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Speculative Fiction UmU

Research group The research group comprises scholars who are joined by their engagement with speculative fiction and who explore central contemporary issues, connected to climate, society, technology, identity, and kinship.

Speculative fiction is a broad term applied to literature and other art forms that in some way depart from mimetic, realistic fiction via the inclusion of fantastic elements. This definition encompasses works that can be categorized into established genres such as science fiction and fantasy, but also works that do not adhere to any specific genres, or whose representations are only incrementally removed from the world as we know it. 

Beginning with the question “what if?”, works in speculative fiction may thus create and explore worlds and concepts that are close to or very distant from our own. In these worlds, polar ice caps may melt slightly ahead of real-world predictions or rising sea levels may force people to live in floating cities; changed ecologies that require minute adaptations may be envisioned or plants may develop sentience and acquire full citizenship within human communities; real-world challenges to urban structures may be slightly exaggerated or cities may come alive as avatars. The setting in speculative fiction may be a version of the world as we know it, other temporalities, or other places and planets.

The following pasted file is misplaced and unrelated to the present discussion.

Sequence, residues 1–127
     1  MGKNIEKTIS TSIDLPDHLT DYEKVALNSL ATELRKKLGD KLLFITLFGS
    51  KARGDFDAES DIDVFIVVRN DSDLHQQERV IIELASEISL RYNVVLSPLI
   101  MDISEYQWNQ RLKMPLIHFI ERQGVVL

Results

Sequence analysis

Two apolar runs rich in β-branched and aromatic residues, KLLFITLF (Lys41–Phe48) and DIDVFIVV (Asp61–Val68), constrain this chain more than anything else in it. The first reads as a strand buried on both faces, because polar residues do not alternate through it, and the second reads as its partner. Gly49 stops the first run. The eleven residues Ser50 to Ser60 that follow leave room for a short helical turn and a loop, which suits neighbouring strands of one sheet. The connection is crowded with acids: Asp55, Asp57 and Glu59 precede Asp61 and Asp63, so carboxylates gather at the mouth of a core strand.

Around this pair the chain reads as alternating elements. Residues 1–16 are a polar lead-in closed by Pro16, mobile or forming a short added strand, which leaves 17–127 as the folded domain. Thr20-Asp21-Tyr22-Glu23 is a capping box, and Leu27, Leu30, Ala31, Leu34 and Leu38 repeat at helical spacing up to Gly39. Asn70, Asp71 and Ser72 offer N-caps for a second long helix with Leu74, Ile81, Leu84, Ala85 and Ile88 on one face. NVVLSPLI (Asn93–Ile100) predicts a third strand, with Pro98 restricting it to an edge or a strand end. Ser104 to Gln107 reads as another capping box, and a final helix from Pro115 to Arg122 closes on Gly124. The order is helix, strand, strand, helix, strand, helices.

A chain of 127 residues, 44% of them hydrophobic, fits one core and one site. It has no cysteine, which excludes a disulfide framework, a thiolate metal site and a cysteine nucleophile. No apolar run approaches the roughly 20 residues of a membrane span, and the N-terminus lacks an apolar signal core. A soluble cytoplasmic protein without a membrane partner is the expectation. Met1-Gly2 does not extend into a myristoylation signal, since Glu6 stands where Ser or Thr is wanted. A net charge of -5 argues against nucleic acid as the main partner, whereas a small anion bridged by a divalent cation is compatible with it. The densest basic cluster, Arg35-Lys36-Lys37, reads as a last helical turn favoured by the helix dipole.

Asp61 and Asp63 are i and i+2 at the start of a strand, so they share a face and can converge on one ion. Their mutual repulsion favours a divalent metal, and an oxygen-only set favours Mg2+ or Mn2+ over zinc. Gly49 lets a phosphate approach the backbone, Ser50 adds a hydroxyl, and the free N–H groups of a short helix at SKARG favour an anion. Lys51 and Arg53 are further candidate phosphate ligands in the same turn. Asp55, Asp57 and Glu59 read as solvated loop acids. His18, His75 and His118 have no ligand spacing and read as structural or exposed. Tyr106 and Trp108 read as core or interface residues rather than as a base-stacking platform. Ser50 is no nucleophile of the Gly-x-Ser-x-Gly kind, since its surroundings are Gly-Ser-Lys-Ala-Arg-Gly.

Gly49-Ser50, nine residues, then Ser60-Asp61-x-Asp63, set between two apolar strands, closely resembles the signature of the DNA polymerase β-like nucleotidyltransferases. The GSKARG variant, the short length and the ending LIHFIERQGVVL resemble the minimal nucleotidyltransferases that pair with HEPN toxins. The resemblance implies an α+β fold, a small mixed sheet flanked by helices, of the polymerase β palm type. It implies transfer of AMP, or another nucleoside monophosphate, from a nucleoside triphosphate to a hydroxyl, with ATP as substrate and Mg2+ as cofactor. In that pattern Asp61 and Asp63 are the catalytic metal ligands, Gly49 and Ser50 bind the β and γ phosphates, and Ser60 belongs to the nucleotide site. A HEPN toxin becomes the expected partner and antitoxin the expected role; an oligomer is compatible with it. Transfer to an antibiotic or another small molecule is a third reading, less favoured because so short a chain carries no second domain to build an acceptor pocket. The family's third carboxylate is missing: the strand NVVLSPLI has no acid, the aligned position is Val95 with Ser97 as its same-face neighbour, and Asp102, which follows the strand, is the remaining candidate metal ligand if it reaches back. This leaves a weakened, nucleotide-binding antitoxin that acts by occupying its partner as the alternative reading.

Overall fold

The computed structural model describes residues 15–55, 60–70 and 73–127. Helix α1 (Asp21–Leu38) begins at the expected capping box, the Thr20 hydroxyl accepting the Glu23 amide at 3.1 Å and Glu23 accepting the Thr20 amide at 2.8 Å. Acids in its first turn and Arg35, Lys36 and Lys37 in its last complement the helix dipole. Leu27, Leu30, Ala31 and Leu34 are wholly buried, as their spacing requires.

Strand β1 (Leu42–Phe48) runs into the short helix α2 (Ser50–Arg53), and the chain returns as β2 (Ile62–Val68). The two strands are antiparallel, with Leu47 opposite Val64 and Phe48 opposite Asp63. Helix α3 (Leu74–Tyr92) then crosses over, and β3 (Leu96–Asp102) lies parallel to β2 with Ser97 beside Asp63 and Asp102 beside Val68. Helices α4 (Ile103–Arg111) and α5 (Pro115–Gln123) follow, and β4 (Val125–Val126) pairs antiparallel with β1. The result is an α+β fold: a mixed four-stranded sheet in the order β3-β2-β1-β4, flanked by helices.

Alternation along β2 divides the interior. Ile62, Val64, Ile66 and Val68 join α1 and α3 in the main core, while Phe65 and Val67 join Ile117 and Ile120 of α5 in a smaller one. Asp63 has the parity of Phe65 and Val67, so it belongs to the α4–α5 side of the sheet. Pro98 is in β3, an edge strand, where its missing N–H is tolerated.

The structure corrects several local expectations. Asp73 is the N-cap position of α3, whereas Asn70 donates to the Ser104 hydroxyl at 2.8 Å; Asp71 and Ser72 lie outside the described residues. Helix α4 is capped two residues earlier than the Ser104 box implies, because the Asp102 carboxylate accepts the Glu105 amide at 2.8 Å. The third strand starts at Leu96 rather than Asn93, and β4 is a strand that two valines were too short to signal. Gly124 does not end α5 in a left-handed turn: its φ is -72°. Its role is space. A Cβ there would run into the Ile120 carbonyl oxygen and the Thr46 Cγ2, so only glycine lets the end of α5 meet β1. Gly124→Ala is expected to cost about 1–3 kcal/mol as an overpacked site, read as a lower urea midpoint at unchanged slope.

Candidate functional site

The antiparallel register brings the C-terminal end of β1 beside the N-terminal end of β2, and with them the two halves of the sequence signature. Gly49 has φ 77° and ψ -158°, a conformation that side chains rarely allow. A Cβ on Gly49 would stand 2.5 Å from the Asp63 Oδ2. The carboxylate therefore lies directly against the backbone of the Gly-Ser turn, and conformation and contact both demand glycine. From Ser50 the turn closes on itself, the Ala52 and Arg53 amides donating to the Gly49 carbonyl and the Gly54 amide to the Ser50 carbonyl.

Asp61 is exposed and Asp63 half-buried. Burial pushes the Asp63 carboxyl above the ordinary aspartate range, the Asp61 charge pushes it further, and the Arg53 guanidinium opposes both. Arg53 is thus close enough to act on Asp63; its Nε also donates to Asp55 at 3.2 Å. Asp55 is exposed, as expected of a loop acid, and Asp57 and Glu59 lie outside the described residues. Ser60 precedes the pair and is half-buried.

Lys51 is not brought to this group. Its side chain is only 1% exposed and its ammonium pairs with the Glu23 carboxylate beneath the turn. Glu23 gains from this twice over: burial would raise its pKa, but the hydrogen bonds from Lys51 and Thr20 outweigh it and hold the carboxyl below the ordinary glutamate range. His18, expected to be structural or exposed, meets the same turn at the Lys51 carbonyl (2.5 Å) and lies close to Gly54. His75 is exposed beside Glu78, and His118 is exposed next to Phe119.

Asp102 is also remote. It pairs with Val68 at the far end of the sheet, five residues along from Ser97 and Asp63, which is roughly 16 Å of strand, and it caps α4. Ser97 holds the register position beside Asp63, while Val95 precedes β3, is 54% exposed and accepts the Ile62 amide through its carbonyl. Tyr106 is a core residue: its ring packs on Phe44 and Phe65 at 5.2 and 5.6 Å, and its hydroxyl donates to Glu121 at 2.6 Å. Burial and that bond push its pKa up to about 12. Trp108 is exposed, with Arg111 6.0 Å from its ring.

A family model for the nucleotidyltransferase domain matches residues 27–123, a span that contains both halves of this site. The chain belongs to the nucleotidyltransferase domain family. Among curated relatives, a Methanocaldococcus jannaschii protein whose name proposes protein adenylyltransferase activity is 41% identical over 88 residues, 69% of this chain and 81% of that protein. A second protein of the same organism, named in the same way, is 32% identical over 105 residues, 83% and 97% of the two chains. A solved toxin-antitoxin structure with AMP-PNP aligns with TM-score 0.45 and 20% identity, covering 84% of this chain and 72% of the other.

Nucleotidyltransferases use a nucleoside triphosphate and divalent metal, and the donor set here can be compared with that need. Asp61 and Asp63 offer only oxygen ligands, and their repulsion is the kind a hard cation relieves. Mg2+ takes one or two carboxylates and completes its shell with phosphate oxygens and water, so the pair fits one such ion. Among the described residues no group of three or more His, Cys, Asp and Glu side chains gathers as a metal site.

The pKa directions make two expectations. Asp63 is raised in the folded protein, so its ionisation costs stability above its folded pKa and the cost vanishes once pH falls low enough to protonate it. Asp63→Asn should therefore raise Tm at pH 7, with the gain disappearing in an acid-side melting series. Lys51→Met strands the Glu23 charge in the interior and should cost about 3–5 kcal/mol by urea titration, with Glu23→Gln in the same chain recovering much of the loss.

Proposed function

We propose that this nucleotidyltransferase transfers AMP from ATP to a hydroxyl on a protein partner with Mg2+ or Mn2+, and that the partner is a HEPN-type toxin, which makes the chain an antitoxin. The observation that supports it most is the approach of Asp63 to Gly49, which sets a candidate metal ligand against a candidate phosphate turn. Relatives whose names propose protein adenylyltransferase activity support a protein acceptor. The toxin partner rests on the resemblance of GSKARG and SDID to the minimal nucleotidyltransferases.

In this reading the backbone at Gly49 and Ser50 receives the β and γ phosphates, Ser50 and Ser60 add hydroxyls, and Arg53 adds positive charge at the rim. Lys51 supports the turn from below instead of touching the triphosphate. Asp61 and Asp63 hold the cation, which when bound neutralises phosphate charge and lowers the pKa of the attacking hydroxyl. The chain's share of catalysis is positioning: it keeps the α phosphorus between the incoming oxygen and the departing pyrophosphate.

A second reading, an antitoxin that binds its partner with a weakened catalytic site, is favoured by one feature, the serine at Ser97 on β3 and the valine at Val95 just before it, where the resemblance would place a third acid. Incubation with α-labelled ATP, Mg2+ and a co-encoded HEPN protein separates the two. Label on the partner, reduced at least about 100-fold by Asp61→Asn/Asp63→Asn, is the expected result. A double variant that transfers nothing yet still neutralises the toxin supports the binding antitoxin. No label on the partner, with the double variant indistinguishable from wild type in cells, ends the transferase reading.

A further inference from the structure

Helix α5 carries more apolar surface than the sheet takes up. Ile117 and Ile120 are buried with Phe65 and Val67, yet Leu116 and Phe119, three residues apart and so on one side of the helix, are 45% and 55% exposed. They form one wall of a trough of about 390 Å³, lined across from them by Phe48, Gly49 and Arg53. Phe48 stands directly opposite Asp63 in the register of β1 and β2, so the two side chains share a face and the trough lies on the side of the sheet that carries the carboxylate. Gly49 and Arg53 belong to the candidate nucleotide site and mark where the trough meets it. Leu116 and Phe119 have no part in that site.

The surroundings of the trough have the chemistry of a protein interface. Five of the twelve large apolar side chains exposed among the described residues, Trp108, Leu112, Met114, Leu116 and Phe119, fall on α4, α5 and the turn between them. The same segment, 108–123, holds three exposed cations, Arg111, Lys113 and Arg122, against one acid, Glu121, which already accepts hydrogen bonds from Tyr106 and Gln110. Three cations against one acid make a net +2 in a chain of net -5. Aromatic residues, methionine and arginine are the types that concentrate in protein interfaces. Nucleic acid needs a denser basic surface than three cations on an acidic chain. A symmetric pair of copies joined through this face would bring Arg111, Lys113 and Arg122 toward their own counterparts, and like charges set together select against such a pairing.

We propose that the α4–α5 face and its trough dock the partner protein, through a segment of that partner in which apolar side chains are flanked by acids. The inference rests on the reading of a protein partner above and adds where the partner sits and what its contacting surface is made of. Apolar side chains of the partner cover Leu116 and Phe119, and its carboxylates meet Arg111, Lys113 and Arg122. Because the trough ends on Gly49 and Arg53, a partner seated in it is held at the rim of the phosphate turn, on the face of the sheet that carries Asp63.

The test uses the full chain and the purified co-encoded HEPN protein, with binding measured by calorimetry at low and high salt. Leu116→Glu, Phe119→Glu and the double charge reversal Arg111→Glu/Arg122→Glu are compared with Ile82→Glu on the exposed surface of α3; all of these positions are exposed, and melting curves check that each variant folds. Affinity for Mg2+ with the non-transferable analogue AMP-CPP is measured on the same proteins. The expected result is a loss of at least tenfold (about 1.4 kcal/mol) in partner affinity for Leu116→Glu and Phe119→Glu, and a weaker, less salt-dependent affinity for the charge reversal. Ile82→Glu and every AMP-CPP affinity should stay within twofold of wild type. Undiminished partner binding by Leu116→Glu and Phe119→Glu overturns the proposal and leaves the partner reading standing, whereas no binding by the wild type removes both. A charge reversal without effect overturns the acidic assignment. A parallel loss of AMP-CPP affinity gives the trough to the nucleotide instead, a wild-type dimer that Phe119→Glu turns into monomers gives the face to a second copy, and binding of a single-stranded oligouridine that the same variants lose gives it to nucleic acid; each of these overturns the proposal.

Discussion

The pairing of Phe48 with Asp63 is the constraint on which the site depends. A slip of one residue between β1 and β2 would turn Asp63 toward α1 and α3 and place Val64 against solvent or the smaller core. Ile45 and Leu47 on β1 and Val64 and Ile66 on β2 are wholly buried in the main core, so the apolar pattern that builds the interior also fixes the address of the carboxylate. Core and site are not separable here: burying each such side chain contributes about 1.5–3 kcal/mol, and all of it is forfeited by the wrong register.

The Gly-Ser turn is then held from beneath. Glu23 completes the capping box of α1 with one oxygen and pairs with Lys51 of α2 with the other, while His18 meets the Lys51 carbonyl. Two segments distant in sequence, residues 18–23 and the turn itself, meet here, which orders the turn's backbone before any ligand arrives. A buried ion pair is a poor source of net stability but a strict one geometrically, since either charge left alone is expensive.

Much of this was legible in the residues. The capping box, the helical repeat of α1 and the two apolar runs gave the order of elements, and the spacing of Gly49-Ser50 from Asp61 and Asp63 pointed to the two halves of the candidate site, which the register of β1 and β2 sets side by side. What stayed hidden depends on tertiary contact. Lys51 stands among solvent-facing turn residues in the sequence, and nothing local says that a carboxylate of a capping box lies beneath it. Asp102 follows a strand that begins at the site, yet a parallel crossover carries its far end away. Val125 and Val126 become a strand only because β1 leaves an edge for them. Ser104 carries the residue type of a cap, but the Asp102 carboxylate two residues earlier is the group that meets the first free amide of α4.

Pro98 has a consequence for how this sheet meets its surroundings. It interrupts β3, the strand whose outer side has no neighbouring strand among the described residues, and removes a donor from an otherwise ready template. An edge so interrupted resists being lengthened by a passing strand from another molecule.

The participants in the network share the common overarching goals of demonstrating the significance of speculative fiction as a narrative form and how it contributes to greater understanding of contemporary social issues and debates. They explore, for example, how speculative fiction negotiates and represents environmental challenges, issues around technology and change, norms connected to identity, family, gender, and (dis)ability, and altered paradigms that decentre the human. Theories and methods that underpin and design analyses are found within fields such as material ecocriticism, posthumanism, critical disability studies, feminism and queer studies, and critical kinship studies. 

The members of the research group are affiliated with the national Speculative Fiction Network.

Anna Bark Persson

I work with speculative fiction through the lens of and in dialogue with feminist and queer theory. In my dissertation, I examined the entanglements of power, masculinity, and embodiment in the use of the Viking motif in contemporary Anglophone fantasy literature. In my current postdoc project, I study queer and feminist speculative visions of Mars as an alternative to mainstream narratives of Mars and space exploration and colonization.